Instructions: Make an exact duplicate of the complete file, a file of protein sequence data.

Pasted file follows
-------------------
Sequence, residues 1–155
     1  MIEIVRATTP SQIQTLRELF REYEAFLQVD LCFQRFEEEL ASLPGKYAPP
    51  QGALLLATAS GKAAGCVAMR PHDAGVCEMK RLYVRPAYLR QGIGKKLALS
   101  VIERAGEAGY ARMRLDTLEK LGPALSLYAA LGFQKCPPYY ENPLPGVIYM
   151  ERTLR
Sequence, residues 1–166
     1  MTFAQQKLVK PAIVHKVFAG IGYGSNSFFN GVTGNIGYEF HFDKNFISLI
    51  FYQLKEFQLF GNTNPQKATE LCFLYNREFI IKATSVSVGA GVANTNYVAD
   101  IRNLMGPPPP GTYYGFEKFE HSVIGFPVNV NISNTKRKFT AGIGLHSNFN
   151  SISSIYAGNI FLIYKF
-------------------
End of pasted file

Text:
Sequence, residues 1–155
     1  MIEIVRATTP SQIQTLRELF REYEAFLQVD LCFQRFEEEL ASLPGKYAPP
    51  QGALLLATAS GKAAGCVAMR PHDAGVCEMK RLYVRPAYLR QGIGKKLALS
   101  VIERAGEAGY ARMRLDTLEK LGPALSLYAA LGFQKCPPYY ENPLPGVIYM
   151  ERTLR
Sequence, residues 1–166
     1  MTFAQQKLVK PAIVHKVFAG IGYGSNSFFN GVTGNIGYEF HFDKNFISLI
    51  FYQLKEFQLF GNTNPQKATE LCFLYNREFI IKATSVSVGA GVANTNYVAD
   101  IRNLMGPPPP GTYYGFEKFE HSVIGFPVNV NISNTKRKFT AGIGLHSNFN
   151  SISSIYAGNI FLIYKF